Brown rot present in one of the many standing monoliths at Clyne gardens.
Teifion receiving his book – a thank you from the branch.
Mike Higgins, Wales Branch Chair
On 16th September, the Wales Branch held our fifth annual fungi walk at Clyne Gardens, Swansea. The event was again organised by Teifion Davies from Clyne Gardens and Steve Lucocq, Wales Branch Secretary.
Teifion is the Head Gardener at Clyne and is responsible for the 2,500 trees on site, a collection of 350-400 different species. Due to the inter-relationships between trees and fungi, it is likely that Clyne has more fungi than anywhere else in the city of Swansea.
Typically, fungi are identified by their appearance, but advances in DNA analysis are helping to identify species more accurately, and science and practical work are now improving understanding of the relationship between fungi and trees. Social media is also helping to communicate and share knowledge on these specialist subjects. However, the best way to gain experience is to visit sites where fungi can be seen, just like Clyne.
Clyne Gardens is now one of Wales’s 22 Sentinel Sites. These are public parks and gardens where the Animal and Plant Health Agency carries out plant health inspections twice a year. The parks feature thousands of different common and less well-known plants and trees, and the inspections note potential issues with damaging and regulated plant pests and diseases.
Teifion also talked about a large change in the management of trees at the site since he has worked there, with a focus now on the retention of standing decaying wood (monoliths aka snags) and laying larger stems to ground. The smaller material is also retained in the form of habitat piles. Throughout the site this could be seen, with excellent examples of monoliths and habitat piles as well as large, failed trees left in situ on the ground and being used by various other species such as invertebrates, epiphytes and fungi.
This year we had 12 attendees of varying backgrounds from arboricultural consultants to individuals with a general interest in fungi. We were again treated to an array of different fungi, some of which we have seen each year and some new ones.
As always, the event ended with Steve Lucocq presenting Teifion with a book as a gift of thanks. The book was fungi related as usual and will no doubt add to the knowledge Teifion has to share with the group next year.
All images by Mike Higgins
1. Trooping crumble cap (Coprinellus disseminatus)
2. Collared parachute fungi (Marasmius rotula)
3a. Blushing rosette (Abortiporus biennis)
3b. Blushing rosette (Abortiporus biennis)
- Trooping crumble cap (Coprinellus disseminatus) growing on the ground next to the Sentinel noticeboard.
- Collared parachute fungi (Marasmius rotula) growing on the decaying root of an ash tree. The group was able to follow the path of the root based on the fruit bodies. The root was likely damaged by mowers as it breached the surface, allowing the fungi to colonise.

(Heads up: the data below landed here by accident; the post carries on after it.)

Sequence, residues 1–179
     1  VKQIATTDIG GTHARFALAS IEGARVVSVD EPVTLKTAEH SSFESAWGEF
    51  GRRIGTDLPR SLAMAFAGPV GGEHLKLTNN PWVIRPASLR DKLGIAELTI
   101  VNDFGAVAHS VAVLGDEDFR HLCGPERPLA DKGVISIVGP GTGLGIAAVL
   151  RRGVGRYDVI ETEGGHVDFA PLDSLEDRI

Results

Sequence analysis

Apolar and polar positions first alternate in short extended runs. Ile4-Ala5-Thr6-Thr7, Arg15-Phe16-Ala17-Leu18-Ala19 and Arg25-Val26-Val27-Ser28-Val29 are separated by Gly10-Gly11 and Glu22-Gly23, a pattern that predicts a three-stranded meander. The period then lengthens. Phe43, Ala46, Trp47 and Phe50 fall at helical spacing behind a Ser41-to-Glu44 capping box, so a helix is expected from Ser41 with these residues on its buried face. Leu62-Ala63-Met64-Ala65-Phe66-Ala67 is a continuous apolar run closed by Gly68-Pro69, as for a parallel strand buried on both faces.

- Blushing rosette (Abortiporus biennis) on red oak with typical form (a) and an abortive form with stunning guttation (b). We have been lucky to see this fungus every year the walk has taken place. It was also found on the stump of a katsura tree at another location on the site.
4. Common earthball (Scleroderma citrinum)
5. Fluted bird’s nest (Cyathus striatus)
6a. Chicken of the woods (Laetiporus sulphureus)
6b. Chicken of the woods (Laetiporus sulphureus)
- Common earthball (Scleroderma citrinum).
- Fluted bird’s nest (Cyathus striatus). This specimen raised the issue of how different fungi spread their spores. C. striatus uses raindrops and other fascinating means by which to reproduce. The evolution of the fruit body is such that it is the correct size that when a raindrop hits the centre, it forces the peridioles (‘egg’) out of the ‘nest’ structure. The egg has a funicular (microscopic hyphal cord) which attaches onto adjacent plants rather than hitting the ground. Once attached, the ‘egg’ matures until the spores are finally released. However, this is rarely a means of reproduction as two mycelia must make contact, and this colliding/mating on adjacent plants is typically the most successful method.
- Chicken of the woods (Laetiporus sulphureus). A mature, pale form unusually spotted growing on cherry laurel (a) and a remnant specimen at a height of 5 metres on an oak (b). The specimen on the cherry laurel is likely to have established due to exposed heartwood following a previous topping of the host. The group discussed colonisation strategies and biodiversity potential from fungi and tree relationships. Heartwood decay tends to be a natural phenomenon which in turn produces beneficial habitat for invertebrates and birds etc. This type of habitat was observed throughout the site on living trees, as well as on standing monoliths/snags and failed decaying wood on the ground.
7a. Suede bolete (Xerocomus subtomentosus)
7b. Suede bolete (Xerocomus subtomentosus)
8a. Beefsteak fungus (Fistulina hepatica)
8b. Beefsteak fungus (Fistulina hepatica)
- Suede bolete (Xerocomus subtomentosus). This particular specimen was growing on the bank at the edge of a wooded area in the gardens. The unusual location made it a bit easier for the group to see the yellow/brown tubes and pores on the underside.